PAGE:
Friday, November 3, 2006
Town Meeting: YES on Benfield but NO on the ballfields
As I came away from the Special Town Meeting on Monday night, walking across the plaza towards our car parked in front of the Spalding School, I had conflicted feelings about the vote we had taken that night. I was relieved that Article 3 rearranging usage of the Benfield property had passed and the town has now taken a big step towards controlling our (40B) affordable housing growth. No, siting the housing up front, closer to the road on South Street isn't what most of us had wanted, but when the blue-spotted salamander was found on the property, housing sites were limited.
What bothered me most was the fact that the town voted No on the Phase II development of the Banta-Davis Land (Article 1), by a slim margin of two votes (Yes-197 to No-101), two-thirds required. Alan Deary gave a fine detailed presentation of what the RecCom was proposing. Certainly it was clear that the Town of Carlisle needs new ballfields and the best place to locate them is on the Banta-Davis Land, near the Carlisle School. Three new playing fields do not seem extravagant since Carlisle has only 6.5 fields compared to Concord's 20 fields. The number of Carlisle players on Concord-Carlisle teams make up 27% to 31% of the players, depending on the sport. So isn't it time for Carlisle to increase its fair share of ballfields?
Some of the thoughts expressed after the meeting were: "The RecCom went wrong by scaling up, instead of scaling down." "They tried to have something for everyone." "It was too extravagant, too grandiose."
I think the town would support the RecCom's request for new ballfields if they came back with a simplified proposal, without a pavilion, a huge parking lot, tennis courts, and other amenities. Just as the artificial turf proposal was separated out, so should the amenities be. I believe the town would approve a bare-bones proposal for three new fields, perhaps including the path through the woods. Other parts of the grand plan could be offered à la carte, based on incremental costs. Meanwhile, until RecCom can get town approval for new Banta-Davis playing fields, it makes no sense to think about developing a playing field on the Benfield Land, or anywhere else in town.
Eat dessert first
I've turned the magical age of 65, chosen to retire, and am now entitled to many new benefits
· Social Security
· Having time on my hands
· Following my bliss
· Not wearing a wrist watch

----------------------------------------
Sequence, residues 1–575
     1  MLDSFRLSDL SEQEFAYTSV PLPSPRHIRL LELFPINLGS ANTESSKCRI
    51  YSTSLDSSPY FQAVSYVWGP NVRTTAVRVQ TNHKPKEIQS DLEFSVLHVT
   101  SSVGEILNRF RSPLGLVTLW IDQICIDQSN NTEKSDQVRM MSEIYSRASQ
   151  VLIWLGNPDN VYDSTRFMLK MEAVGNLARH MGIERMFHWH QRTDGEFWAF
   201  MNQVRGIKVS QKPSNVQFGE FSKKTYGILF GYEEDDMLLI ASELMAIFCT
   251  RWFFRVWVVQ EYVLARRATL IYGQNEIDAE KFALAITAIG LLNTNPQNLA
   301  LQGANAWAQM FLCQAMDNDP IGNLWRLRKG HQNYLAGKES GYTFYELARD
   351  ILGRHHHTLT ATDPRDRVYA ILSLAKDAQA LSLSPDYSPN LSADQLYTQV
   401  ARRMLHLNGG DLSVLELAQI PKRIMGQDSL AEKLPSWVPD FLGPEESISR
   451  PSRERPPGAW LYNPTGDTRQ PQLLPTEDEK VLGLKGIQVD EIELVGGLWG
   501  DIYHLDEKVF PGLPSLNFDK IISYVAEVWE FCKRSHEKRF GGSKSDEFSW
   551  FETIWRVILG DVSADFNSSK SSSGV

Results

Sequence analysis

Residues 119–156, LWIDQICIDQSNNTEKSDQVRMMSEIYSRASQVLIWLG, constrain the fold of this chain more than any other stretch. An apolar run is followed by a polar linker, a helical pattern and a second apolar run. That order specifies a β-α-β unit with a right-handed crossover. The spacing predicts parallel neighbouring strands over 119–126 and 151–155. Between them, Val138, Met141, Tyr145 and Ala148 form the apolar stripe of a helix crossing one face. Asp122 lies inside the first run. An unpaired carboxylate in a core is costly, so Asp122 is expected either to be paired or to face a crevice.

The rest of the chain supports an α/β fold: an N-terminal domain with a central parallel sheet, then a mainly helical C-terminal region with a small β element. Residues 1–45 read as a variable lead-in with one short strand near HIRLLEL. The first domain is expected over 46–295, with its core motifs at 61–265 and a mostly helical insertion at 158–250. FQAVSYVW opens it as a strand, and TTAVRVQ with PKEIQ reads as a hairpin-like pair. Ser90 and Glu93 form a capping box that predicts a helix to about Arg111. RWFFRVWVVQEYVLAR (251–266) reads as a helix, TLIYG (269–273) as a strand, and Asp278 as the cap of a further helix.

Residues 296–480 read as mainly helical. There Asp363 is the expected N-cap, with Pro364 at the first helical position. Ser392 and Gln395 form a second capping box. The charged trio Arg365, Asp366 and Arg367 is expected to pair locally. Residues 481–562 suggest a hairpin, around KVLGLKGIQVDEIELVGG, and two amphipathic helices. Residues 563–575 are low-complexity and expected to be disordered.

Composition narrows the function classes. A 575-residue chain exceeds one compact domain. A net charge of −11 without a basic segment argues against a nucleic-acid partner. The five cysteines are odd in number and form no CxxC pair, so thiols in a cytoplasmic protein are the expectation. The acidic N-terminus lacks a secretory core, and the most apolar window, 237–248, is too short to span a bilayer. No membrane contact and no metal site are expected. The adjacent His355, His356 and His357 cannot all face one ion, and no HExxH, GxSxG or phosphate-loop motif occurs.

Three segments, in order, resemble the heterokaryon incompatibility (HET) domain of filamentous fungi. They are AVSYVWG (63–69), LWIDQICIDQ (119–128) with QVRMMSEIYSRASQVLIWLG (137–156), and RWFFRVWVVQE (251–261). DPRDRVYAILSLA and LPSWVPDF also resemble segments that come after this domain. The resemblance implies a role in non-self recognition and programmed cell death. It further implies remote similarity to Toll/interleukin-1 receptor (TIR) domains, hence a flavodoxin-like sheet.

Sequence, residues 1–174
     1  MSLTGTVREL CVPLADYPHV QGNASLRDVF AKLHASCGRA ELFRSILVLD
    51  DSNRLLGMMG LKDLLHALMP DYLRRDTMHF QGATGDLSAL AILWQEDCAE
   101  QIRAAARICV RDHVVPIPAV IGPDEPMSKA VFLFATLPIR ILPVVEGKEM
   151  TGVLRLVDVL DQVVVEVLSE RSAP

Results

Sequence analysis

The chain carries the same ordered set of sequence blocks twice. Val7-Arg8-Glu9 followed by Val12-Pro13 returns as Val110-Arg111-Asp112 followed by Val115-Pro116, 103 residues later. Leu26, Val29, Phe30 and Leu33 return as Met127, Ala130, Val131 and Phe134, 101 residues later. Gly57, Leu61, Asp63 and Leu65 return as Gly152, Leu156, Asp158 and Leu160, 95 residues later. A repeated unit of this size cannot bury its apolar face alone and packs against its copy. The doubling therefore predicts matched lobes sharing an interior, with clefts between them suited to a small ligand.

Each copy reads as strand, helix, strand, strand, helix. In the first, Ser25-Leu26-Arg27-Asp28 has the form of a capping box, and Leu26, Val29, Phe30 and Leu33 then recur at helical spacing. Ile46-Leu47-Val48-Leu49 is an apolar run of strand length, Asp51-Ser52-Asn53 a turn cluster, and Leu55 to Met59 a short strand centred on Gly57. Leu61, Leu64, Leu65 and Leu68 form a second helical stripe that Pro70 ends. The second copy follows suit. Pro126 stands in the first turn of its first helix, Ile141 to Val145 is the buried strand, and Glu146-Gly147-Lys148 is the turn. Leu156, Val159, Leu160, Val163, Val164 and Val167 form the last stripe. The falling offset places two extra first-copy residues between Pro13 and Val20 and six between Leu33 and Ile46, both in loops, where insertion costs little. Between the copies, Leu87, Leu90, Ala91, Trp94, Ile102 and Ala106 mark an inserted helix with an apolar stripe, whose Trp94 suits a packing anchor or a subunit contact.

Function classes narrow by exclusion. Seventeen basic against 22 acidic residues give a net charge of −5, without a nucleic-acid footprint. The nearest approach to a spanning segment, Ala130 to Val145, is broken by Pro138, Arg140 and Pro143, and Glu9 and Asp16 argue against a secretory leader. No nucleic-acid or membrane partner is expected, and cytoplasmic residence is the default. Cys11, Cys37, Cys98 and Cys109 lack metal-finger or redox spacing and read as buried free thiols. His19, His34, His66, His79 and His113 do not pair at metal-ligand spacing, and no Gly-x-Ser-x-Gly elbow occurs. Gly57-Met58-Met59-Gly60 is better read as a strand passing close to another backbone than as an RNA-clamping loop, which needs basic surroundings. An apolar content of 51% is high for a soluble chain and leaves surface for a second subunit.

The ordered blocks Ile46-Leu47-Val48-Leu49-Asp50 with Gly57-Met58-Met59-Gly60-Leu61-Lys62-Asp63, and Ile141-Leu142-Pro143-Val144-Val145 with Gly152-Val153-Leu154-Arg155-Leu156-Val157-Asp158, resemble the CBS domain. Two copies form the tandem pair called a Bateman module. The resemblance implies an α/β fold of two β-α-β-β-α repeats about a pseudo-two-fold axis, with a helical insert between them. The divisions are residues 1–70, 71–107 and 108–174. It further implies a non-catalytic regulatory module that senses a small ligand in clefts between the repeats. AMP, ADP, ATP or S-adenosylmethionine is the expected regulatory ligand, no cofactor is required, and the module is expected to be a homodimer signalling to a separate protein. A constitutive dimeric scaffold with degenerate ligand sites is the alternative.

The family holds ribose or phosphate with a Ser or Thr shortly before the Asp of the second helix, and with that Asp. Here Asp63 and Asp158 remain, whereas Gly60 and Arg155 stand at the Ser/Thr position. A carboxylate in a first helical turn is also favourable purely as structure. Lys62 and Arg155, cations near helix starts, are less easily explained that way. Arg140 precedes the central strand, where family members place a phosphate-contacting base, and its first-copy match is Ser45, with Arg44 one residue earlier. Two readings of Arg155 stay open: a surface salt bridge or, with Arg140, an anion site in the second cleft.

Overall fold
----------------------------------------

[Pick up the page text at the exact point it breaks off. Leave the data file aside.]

· Not having a cell phone, let alone a Blackberry
· Savoring the hours spent doing what I want to do
· Using my pill box as a calendar
· Adopting "mañana" as my new favorite word
· Planning and doing more traveling
· Having a "personal trainer" to help me get into shape
· Fishing at the Cranberry Bog with my grandson
· Fishing off Chappaquiddick with Steve Kirk
· Becoming more serious about the health and welfare of others
· Becoming less serious about almost everything else.
The view through 65-year-old eyes does change somewhat. I just returned from a long weekend at my alma mater. We've done it every year for the past 16, along with 12 other couples — sorority sisters of my wife and their spouses, many of whom are also alums. It's a quintessential fall weekend, complete with rooting for the home team with 100,000 other rabid football fans, dining and drinking at the same hangouts we frequented as undergrads, and generally re-living many great past memories. One of the spouses at the Friday night seafood buffet went to the dessert table for his first course. I said, "John, I've heard many speak jokingly of eating dessert first, but never saw anyone actually do it." John replied that he began doing it when he turned 68 as a strategy for eating less, especially at buffet dinners. He filled up on a large piece of pie and had little room for anything else but a cup of coffee. I thought to myself, "very practical." I also thought about the more metaphorical meaning of eating dessert first. The fact that two couples of our group did not make it back this year was testament to another hard fact about "turning 65;" both had spouses who were back home fighting for their lives.
Most of the pundits who engage in financial planning services tell us we may need to work longer than we had hoped so that we won't run out of money before we run out of time. While it's certainly true that we are living longer than our parents and grandparents, it is also true that life is unpredictable. Longer on average; less predictable in each individual case. How old are you? I'll bet you think you'll beat the averages. I hope you will. I also hope you have ample time to savor the minutes and hours spent doing what you want to do. If working full time is not your passion, don't put off retiring a minute longer than you absolutely have to. In fact, my advice is to take that magical planned-for retirement age and backdate it a few years. Get a head start on eating dessert first. I doubt you'll ever regret it.
7 p.m., Clark Room, Town Hall
7:30 p.m., Heald Room, Town Hall
© 2006 The